Quail egg incubation

How to Incubate Quail Eggs + Incubation Chart

Have you ever wanted to hatch your quail eggs? It’s a fun and rewarding experience, and frankly, quail egg incubation is not as difficult as some beginners think. Quail eggs are a little different from chicken eggs, but the process of incubating and hatching them is similar. The main difference is that quail eggs are much smaller, so you’ll need to be careful not to break them.

In this article, we’ll give you a step-by-step guide on how to incubate and hatch the eggs of quail breeds like the Japanese or Coturnix, Bobwhite, Button and Gambel’s quails.

Step 1: Set up the incubator

Since you intend to incubate your quail eggs artificially, you must have a good and reliable egg incubator. There are various kinds of pocket-friendly egg incubators for poultry small poultry breeders or enthusiasts on Amazon.

After getting the egg incubator, you must ensure that is it clean and free from debris or dirt. Put on the device and allow it to run continuously for at least 24 hours before setting the quail eggs. This is to allow the internal environment of the incubator to stabilize which includes reaching the correct temperature and humidity required for incubation. You will also be able to resolve issues and make necessary adjustments before setting the quail eggs.

Do not place the incubator in the following places:

  • Near a window
  • Where there is direct sunlight or draft
  • Where there is a possible liquid spillage
  • Near a vibrating machine
  • Where it will be accessible to kids and pets

You should place the incubator in a room that maintains a stable temperature and is safe.

Step 2: Prepare the quail eggs

To achieve a high hatch rate, it is important to select healthy, fertilized and clean quail eggs. The following quail eggs should not be placed in the incubator:

  • Extra-large, double-yolk and small quail eggs
  • Non-fertilized eggs
  • Dirty or soiled eggs
  • Cracked or malformed eggs

It is best to candle the eggs to check for fertility. You can use a flashlight or purchase a special egg candler for this purpose. Always wash your hands before handling quail eggs or placing them in the incubator to prevent bacteria from contaminating the eggs and infecting the embryos. Make sure the eggs have been candled and kept at room temperature for at least 12 hours before setting them in the incubator.

Step 3: Set the quail eggs

Once you’ve confirmed that the incubator is working properly, you can proceed with setting the eggs. If your incubator comes with an egg tray, gently place the eggs on the tray, with the large end facing up and the small end resting on the egg tray.

To ensure that your egg turner is functioning properly, or to help identify which eggs have been turned and which have not, it is recommended that you mark both sides of the eggshell. This can be done by using a pencil to mark a plus (+) on one side and a minus (–) on the other side of the eggshell.

Monitor the temperature and humidity readings closely after you have set all the quail eggs. The incubator’s internal temperature may go down after all the eggs are set. This is normal as the eggs would first above some of the heat before the temperature returns to the right level.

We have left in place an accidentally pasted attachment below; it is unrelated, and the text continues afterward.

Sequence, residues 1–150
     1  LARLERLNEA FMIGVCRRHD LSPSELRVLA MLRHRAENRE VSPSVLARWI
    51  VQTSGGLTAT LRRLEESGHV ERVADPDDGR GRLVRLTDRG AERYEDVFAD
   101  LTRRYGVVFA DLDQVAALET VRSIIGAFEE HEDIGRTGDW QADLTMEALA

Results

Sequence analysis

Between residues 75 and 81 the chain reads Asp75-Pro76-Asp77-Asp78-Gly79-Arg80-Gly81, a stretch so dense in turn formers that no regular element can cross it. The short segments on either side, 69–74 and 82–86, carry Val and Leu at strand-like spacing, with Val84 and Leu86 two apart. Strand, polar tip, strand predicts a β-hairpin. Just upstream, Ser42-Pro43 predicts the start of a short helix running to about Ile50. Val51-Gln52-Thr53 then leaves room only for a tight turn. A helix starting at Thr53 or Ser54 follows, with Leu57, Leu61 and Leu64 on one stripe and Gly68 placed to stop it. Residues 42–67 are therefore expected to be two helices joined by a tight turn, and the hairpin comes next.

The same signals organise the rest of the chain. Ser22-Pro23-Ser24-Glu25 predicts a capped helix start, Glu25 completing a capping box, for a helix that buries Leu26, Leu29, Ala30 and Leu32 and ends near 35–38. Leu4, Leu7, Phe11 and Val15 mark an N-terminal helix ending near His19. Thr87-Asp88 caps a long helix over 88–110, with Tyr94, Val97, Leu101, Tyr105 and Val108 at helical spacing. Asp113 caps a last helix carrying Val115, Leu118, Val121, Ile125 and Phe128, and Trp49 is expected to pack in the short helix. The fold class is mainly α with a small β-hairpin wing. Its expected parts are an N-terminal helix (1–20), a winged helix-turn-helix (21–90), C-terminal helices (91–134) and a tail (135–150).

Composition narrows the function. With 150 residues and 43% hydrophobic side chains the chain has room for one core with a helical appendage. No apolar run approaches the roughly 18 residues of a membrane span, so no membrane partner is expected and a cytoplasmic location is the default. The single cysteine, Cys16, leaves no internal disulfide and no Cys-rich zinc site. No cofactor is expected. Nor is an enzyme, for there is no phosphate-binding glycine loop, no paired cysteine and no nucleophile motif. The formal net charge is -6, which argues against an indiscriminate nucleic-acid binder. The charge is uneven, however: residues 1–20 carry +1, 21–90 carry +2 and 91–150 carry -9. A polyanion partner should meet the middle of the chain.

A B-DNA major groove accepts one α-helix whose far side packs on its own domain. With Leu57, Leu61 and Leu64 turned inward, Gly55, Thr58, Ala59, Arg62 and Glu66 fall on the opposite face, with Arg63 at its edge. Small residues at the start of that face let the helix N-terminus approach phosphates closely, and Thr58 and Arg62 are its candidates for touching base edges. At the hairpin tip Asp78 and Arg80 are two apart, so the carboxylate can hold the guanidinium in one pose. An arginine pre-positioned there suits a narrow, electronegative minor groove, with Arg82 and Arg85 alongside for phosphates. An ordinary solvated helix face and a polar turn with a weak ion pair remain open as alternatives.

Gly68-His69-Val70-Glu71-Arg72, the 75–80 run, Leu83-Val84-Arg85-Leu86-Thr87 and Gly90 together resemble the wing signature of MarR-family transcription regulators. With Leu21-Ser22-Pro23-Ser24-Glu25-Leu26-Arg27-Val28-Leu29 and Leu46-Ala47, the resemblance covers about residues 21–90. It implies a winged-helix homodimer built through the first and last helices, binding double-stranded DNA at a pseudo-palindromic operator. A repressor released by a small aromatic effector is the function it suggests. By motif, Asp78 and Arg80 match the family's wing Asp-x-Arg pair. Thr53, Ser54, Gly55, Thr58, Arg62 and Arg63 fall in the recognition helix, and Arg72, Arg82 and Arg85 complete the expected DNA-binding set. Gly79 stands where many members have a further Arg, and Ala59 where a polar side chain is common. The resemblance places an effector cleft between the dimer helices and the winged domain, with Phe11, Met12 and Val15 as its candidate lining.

Step 4: Turn the eggs at intervals

To ensure proper development, quail eggs must be turned frequently during incubation until three (3) days to hatching. For instance, Coturnix quail eggs must be turned from day 1 to 14 of incubation. Bobwhite quail eggs must be turned from day 1 to 19 of incubation. If your incubator does not have an automatic egg turner, you will need to turn the eggs with your hands. Eggs should be turned 3-5 times daily (approximately once every 8 hours). Be sure to check the (–) and (+) markings on the eggs to ensure the eggs are being properly turned.

Monitor the humidity and temperature levels. The ideal temperature is 99.5oF (37.5oC) and the humidity should be 45%. Always add water to the water reservoir as needed to maintain the correct humidity level. You can re-candle the eggs on day 10 to see if the embryos are developing. Remove any eggs that appear clear, as this indicates dead embryos.

Step 5: Stop turning the eggs and increase the relative humidity

When it is three days before hatching, egg turning must stop. Switch off the egg turning function on your incubator or stop turning the quail eggs by hand. This gives the baby quails time to get settled and develop fully before hatching. You should also increase the humidity to 65-75% until the eggs hatch.

Step 6: Hatch day

Quail chicks generally hatch quickly and without much trouble. They typically begin pipping – the process of breaking through the eggshell – and emerge from the egg within a short period. It’s advisable to remove all dry, hatched chicks from the incubator every 24 hours after the first quail has hatched. The humidity can increase when many chicks hatch at once, making them wet.

Step 7: Clean and disinfect the quail egg incubator

Once all the quail chicks have hatched and been moved to their new home, it is important to clean and disinfect the incubator and all parts according to the manufacturer’s instructions. This will help to prevent the spread of disease.

Quail Egg Incubation Chart

These quail egg incubation charts have been designed for anyone who wants to hatch their quail eggs at home. This incubation chart shows the ideal temperature, humidity, and turning frequency for each day of the quail egg incubation period. It also includes some tips and reminders for a successful hatch. You can download the chart as a PDF file or print it.

Coturnix Quail Egg Incubation Chart
Coturnix Quail Egg Incubation Chart
Bobwhite Quail Egg Incubation Chart
Bobwhite Quail Egg Incubation Chart
Button Quail Egg Incubation Chart
Button Quail Egg Incubation Chart
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